Israeli company Miya is to help Michigan replace its aging water infrastructure and create new jobs as the result of a joint water agreement between the US state and Israel.
Earlier this month, a water main in the US city of Seattle burst, buckling streets and causing water to flood an area of 10 blocks. Some eight to 10 homes were damaged, and it took workers hours to stop the flood since valves were buried underground.
About a week later, a water main break in Massachusetts caused major delays on the Interstate 91 from Springfield to Enfield. Hours later, about 2,500 West Lafayette, Indianapolis residents were under a “boil order” after yet another burst water pipe.
America’s water infrastructure is aging, and experts are warning that accidents like this – that endanger both people’s lives and their livelihoods – are just the start. Now, however, help could be at hand, from Israel.
This month, Israeli company Miya launched a new pilot initiative in the US called ‘Green jobs for blue waters’ to help replace aging water infrastructure and create jobs in the sector in Michigan.
Miya, which was set up by Israeli heiress Shari Arison, will work with Detroit’s Water Works Park, Michigan’s Water and Sewerage Department, and the city of Farmington Hills, to cut water losses in Detroit and Farmington Hills, and create jobs throughout the region.
Green jobs in water infrastructure
Representatives from Israel-based Miya will work side by side with experts in Michigan to help identify faulty pipes, and leaks, and will together develop ways to go about fixing problems.
Project organizers say they plan to expand the program to the entire Michigan region to help stimulate jobs in water engineering, maintenance, installation and manufacturing.
“As these projects expand, we will train more Michigan workers and develop expertise that we can export nationally and globally as well,” said Lt. Gov. John Cherry at the official opening of Green Jobs for Blue Waters.
The initiative will not only create new jobs, but will in the long term save taxpayers money, as water savings translates to energy savings.
Booky Oren from Miya said it was a business opportunity for Miya, but also one for Michigan as well. “I think that when you are dealing with efficiency, you create more from existing resources,” he told the Michigan Business Review.
Currently water works operators tend to miss major problems when it comes to finding faulty pipes and making repairs. But Miya’s know how and technology provides a package of tools and expertise including acoustic sensors, and technologies that can better control water pressure over an entire municipality.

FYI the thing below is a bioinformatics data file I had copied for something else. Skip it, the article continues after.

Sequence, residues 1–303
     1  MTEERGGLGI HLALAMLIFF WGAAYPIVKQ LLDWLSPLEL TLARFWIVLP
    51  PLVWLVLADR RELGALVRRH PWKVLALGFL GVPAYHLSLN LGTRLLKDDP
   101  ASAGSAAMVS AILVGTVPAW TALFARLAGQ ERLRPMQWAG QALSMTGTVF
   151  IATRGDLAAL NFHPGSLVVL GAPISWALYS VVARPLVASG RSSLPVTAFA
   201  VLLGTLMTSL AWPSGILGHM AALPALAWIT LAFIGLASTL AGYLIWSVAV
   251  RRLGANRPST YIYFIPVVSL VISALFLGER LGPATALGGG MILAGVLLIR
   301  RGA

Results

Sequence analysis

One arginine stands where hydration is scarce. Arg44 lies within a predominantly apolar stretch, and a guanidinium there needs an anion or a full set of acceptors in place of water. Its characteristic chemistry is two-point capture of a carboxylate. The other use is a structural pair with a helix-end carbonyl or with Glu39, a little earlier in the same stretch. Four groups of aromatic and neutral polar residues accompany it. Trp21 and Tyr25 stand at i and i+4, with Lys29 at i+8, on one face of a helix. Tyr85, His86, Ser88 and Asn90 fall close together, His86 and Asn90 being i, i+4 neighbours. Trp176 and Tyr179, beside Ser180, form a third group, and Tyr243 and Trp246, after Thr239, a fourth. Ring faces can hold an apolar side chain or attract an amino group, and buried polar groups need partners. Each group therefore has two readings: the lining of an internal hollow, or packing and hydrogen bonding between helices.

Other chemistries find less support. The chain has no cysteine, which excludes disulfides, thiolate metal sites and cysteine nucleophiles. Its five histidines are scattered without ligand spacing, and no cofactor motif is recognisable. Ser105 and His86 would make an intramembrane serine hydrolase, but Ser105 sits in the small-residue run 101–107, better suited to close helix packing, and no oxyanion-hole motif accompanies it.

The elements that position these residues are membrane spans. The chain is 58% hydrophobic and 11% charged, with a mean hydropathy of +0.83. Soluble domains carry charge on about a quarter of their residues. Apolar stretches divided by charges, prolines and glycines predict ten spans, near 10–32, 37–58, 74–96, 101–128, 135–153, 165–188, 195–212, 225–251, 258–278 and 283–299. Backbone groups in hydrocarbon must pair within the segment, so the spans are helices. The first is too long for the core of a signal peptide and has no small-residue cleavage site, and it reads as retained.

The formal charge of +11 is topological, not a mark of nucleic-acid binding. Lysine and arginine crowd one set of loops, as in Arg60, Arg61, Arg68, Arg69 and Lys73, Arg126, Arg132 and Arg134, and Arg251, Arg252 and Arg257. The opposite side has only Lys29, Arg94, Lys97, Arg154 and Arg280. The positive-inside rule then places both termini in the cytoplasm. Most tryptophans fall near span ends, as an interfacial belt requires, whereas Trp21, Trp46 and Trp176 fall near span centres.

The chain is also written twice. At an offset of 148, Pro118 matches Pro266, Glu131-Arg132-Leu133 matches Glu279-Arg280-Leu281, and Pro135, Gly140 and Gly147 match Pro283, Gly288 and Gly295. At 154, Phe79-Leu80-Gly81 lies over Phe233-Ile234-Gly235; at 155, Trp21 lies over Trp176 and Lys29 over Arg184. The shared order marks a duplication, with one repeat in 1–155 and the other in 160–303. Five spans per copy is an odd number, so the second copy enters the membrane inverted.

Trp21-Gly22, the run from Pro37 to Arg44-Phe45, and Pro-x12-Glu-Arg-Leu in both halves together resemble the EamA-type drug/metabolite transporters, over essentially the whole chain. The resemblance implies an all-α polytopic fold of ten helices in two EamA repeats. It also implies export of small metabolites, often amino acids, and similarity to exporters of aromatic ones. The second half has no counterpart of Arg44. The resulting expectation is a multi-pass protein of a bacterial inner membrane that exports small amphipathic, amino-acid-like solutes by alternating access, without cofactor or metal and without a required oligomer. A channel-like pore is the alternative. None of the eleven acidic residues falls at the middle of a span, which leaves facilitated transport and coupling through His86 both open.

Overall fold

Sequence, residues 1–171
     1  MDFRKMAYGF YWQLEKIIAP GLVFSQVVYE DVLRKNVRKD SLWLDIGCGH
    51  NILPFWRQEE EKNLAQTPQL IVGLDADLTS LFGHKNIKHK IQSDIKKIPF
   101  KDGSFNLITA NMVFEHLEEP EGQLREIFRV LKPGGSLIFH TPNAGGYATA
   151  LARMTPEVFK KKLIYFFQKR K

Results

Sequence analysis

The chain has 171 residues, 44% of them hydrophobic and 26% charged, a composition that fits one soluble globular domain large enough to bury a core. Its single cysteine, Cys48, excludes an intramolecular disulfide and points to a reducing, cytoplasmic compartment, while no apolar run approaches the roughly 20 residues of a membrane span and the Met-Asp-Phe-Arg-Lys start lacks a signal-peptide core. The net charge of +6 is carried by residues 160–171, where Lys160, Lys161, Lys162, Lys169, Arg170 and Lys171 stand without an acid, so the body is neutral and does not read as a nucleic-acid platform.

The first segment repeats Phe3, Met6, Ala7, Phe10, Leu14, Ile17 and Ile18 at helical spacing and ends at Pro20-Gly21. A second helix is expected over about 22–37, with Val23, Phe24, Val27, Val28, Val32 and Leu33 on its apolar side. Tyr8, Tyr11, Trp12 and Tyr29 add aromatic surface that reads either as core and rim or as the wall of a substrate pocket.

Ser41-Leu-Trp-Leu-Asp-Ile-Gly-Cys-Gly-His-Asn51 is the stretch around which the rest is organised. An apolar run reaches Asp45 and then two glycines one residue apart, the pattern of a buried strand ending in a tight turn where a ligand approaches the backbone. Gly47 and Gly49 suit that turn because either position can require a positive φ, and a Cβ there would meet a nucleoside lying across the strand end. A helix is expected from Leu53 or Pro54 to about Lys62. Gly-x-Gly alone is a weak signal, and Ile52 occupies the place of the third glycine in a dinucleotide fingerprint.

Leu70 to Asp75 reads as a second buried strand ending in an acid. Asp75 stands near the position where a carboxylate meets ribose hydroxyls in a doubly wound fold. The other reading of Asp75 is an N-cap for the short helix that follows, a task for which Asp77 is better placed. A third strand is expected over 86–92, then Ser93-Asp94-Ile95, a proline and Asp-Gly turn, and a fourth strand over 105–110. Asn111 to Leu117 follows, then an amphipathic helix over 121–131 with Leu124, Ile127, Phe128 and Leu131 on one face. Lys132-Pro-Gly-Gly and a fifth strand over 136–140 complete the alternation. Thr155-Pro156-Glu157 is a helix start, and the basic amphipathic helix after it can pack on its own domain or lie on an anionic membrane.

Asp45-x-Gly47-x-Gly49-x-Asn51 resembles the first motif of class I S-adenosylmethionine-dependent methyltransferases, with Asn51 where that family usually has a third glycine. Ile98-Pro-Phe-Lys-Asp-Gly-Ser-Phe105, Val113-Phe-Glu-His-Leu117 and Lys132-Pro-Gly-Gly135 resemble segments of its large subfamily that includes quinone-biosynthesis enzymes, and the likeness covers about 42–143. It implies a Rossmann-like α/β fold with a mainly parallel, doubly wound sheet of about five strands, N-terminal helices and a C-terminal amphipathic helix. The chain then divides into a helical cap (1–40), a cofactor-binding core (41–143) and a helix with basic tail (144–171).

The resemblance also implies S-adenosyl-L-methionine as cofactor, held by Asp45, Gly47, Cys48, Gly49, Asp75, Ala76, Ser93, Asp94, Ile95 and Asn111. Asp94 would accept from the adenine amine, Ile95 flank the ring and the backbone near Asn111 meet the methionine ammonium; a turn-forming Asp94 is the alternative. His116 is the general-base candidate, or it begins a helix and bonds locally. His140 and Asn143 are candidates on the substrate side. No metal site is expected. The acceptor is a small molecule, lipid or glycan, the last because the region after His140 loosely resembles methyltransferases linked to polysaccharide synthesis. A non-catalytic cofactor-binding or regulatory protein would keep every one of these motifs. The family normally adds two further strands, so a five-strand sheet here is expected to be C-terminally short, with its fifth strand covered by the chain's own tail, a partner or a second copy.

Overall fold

Water repair and vision badly needed in US
Supplying water to four million customers, the Detroit Water and Sewerage Department estimates it loses up to nine percent of its drinking water supply, mainly due to leaks. Miya aims to send staff to man the two new pilot projects in Michigan to help alleviate water losses immediately, while the project looks for local partners to help fulfill its goal of creating new jobs, and a more environmentally friendly water works system.
This new project between Miya and Michigan is a direct result of a water cooperation agreement signed between Israel and Michigan at the end of last year.
In November, Michigan governor Jennifer Granholm brought a delegation of Michigan businessmen to Israel for an economic investment trip.
During the visit, Granholm signed a joint water declaration – the first between a US state and Israel – to establish a working group of Israeli and Michigan governmental bodies to help improve water quality, energy efficiency and water reuse. “Michigan has the resources and Israel has the technology to create great synergy on this important issue,” Granholm tells ISRAEL21c.
The visit, she explains, highlighted some parallels between Israel – which was once reliant on agriculture and needed to diversify its economy – and Michigan.
A lesson for the State of Michigan
“Not that long ago, this country faced similar economic challenges to what Michigan is experiencing now,” she says. “In the last decade, Israel has honed in on homeland security and defense and water technologies and has strengthened its economy, creating thousands of new jobs and lowering its unemployment rate. A reminder that we are on the right path in Michigan.”
The meeting between the Israelis and Michigan officials was coordinated in part by the Michigan Israel Business Bridge (MIBB), a non-profit organization that operates to establish economic and business ties between Israel and Michigan.
The group, which includes Howard Edelson, of the Edelson Group, a lobbying firm in Michigan, works mainly in the automotive sector and is actively promoting Israeli Shai Agassi’s Better Place electric car scheme in Michigan, the home state of America’s Big Three automakers.
Founded in 2007 by Susan Herman and Chuck Newman, the CEO of ReCellular – the world’s largest collector and reseller of cell phones, the MIBB sees itself as a “connector” organization helping Israeli companies do business in Michigan; and assisting Michigan companies identify technologies, business partners, and investment opportunities in Israel.
As past chairman of the board of directors of Hillel, the Foundation for Jewish Campus Life, Newman says he has a love for both Michigan and Israel. “I’ve lived in Michigan all my life. And the State is having economic challenges,” he tells ISRAEL21c.
The exposure of Israeli water technologies to Michigan seems to be paying off, and is already starting to create new jobs in Michigan.